clock menu more-arrow no yes

Filed under:

Without Tom Brady, Buccaneers left to rediscover their identity

What’s next for Tampa Bay?

NFL: Tom Brady Signs-Tampa Bay Buccaneers Kim Klement-USA TODAY Sports

This was always going to be the reality when Tom Brady’s time in Tampa came to an end. The Buccaneers are now left to pick up the pieces and figure out their identity without the greatest quarterback of all time.

Let’s preface all of this with a couple of truths. For starters, we don’t even really need to establish what everyone already knows: signing Brady was 100%, absolutely, unequivocally worth it. It was worth it as soon as Tampa Bay returned to the postseason last year and it was even more worth it when the team completed its storybook journey to hoisting the Lombardi Trophy on its home field at Raymond James Stadium last February. An NFC South championship and another playoff appearance this past season just added to the excellence of Brady’s two-year run in Tampa.

The second truth we need to get out of the way is that the Bucs’ roster is still stacked with top-tier talent and quite a few stars. The point of this isn’t to throw in the towel on the future and eulogize the franchise. There’s still a lot to work with, and no one can debate that. How the Bucs move forward and establish a new identity, though, will mean everything.

It doesn’t take a genius to realize that Tampa Bay needs a new identity. As much as the rest of the team had its profile raised in the last two seasons, the Bucs’ identity from March 2020 until recently was Tom Brady. Without him, what will people immediately think about when it comes to Buccaneer football? That’s the question that the organization's front office will be tasked with answering over the next few months.

Brady’s retirement obviously leaves a void at the quarterback position, and in the current state of the NFL, good quarterback play is a necessity, not a luxury. Tampa Bay definitely has its work cut out in finding Brady’s successor, but there are other decisions and moves that need to be made as well. For one, the front office can’t let Chris Godwin go anywhere. Even coming off of a season-ending ACL injury, Godwin will reassume his place as one of the league’s best receivers when he gets back on the field this fall. The Bucs can’t let that comeback happen with their 2017 third-round pick wearing another uniform.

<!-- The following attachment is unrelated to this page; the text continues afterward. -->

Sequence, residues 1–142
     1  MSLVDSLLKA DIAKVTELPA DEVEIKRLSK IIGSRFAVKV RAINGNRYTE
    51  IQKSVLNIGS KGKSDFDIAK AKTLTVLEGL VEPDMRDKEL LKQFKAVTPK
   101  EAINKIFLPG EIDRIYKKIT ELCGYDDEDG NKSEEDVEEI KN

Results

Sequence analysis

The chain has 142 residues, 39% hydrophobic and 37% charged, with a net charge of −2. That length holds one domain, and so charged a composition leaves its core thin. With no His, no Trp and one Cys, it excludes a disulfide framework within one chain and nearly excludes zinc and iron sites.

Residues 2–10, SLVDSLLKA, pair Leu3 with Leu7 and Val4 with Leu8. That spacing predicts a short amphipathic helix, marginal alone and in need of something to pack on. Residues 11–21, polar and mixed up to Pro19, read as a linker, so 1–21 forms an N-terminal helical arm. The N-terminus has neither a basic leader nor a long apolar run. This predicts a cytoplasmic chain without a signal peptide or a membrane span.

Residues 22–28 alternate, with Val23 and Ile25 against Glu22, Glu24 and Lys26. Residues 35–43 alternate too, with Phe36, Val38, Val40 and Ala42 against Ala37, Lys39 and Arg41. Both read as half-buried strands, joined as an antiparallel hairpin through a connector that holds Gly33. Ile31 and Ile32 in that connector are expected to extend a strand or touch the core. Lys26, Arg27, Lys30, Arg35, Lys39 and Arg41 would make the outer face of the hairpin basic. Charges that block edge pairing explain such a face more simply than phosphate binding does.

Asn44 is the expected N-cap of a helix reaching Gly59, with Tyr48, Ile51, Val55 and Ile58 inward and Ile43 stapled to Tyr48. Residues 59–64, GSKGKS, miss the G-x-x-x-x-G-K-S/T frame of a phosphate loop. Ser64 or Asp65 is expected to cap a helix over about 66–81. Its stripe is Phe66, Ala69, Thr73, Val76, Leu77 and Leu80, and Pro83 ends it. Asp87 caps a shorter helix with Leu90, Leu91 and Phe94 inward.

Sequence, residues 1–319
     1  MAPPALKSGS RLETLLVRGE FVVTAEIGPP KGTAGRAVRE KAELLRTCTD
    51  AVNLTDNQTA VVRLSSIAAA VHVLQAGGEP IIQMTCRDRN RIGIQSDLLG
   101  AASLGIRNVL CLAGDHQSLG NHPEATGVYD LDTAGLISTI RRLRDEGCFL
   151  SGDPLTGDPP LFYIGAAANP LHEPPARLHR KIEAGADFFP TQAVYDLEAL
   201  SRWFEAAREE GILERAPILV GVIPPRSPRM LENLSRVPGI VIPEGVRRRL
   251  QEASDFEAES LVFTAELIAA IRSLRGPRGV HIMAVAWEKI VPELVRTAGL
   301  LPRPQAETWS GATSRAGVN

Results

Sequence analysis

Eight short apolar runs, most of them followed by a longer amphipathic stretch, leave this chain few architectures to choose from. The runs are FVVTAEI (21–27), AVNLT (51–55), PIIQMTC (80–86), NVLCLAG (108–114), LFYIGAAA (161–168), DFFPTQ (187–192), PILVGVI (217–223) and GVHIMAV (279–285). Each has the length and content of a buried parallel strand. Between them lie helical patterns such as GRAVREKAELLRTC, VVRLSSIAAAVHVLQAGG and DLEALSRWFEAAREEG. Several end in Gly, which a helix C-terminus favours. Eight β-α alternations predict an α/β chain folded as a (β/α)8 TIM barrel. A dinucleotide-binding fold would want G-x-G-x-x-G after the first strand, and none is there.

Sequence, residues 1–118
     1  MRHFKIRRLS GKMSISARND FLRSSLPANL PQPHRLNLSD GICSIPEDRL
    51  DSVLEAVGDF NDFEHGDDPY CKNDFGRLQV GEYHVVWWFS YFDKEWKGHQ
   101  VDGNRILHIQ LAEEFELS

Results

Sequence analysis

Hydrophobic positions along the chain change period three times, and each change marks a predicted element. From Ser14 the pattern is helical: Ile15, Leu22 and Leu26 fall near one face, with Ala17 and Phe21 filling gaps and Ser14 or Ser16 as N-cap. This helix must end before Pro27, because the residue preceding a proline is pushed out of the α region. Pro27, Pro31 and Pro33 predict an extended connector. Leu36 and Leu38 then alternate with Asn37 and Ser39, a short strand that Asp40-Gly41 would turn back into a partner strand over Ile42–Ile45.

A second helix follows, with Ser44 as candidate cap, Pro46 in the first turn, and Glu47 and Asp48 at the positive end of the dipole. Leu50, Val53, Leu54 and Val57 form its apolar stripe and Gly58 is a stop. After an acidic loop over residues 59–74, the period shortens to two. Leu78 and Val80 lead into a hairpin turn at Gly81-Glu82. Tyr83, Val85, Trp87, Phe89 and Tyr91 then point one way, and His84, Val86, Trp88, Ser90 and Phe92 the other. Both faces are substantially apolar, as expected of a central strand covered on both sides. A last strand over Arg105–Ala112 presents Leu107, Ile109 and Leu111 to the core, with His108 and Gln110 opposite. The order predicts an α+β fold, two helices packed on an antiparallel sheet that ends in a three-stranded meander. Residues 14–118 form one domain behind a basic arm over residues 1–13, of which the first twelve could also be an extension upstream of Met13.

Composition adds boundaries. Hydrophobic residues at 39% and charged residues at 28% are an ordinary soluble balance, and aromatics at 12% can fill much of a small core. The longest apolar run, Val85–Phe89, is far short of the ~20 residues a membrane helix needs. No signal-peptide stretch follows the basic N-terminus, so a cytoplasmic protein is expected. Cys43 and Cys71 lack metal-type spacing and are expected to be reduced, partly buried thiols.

By re-signing Godwin, the Bucs can lock in one of the league’s best wide receiver duos. That will be a help to whoever steps in at quarterback. Adding more support around the quarterback position will be another challenge that the front office has to navigate in the next couple of months as well. Ronald Jones II is a free agent, as is Leonard Fournette. It would be surprising to see Jones return, while Fournette’s future is less clear. He has enjoyed a career revival in Tampa, but will he parlay that into a deal elsewhere now that Brady is gone? Bringing him back would surely stabilize the Buccaneer backfield, but more work needs to be done at the running back position regardless.

What the Bucs do with their backfield—and behind Evans and Godwin at the receiver position—will largely determine whether or not the offense can still carry the torch as the team’s identity. Bruce Arians’ no risk it, no biscuit offense is set up to score points and, in some ways, serve as an identity of sorts. But the man under center will have a large role in that for better or for worse, whether it’s Blaine Gabbert, Kyle Trask, a free agent or a quarterback-to-be-traded-for.

The other side of the ball is an equally interesting part of this conversation. The Buccaneer defense deserves its flowers for the role it played in the team’s Super Bowl season. An injury-plagued 2021 season wasn’t the encore everyone wanted, but there are still plenty of big-time players in that unit going forward. Vita Vea is an absolute beast in the middle of the defensive line, Devin White and Lavonte David still form one of the NFL’s more formidable linebacker duos and a pass rush consisting of Shaquil Barrett and the promising Joe Tryon-Shoyinka help round out quite a core to build the front seven off of.

But where there’s perhaps more intrigue is with the back half of the defense. This is a group that, at its best, helped lead a dominant stretch for the Tampa Bay defense. The birth of the “Grave Diggers” during the team’s Super Bowl run was as close as we got to the Bucs having a non-Brady identity over the last two years. But there’s work to be done for the team to tap back into that magic.

Bringing back Carlton Davis and Jordan Whitehead would go a long way in solidifying the secondary, as those two and Antoine Winfield Jr. are all elite talents. Jamel Dean is solid in his own right, but the cornerback position needs some addressing this offseason. Sean Murphy-Bunting had a disappointing 2021 and the secondary was otherwise bare when it came to depth. That got exposed very clearly. Reinforcements are needed if that group wants to help the defense live up to its “Grave Diggers” moniker. As it stands right now, it’s hard to imagine the Buccaneer defense being deep enough and good enough to become what the franchise is known for. But the right moves may just give the fan base something of a return to the franchise’s identity in the late 1990s and early 2000s.

We’ll get a clearer idea of the Bucs’ direction once we get into the weeds of the offseason. The free agency period will tell us a lot, as will the following month’s NFL Draft. Jason Licht and his staff have a lot of work to do.

One thing is for sure: It will be extremely interesting to see how the Buccaneers go about refreshing their roster and rediscovering their identity in the post-Brady era. The answers they settle on will determine whether or not the organization can carry on the standard set by the G.O.A.T. Era in Tampa Bay.

Stay tuned.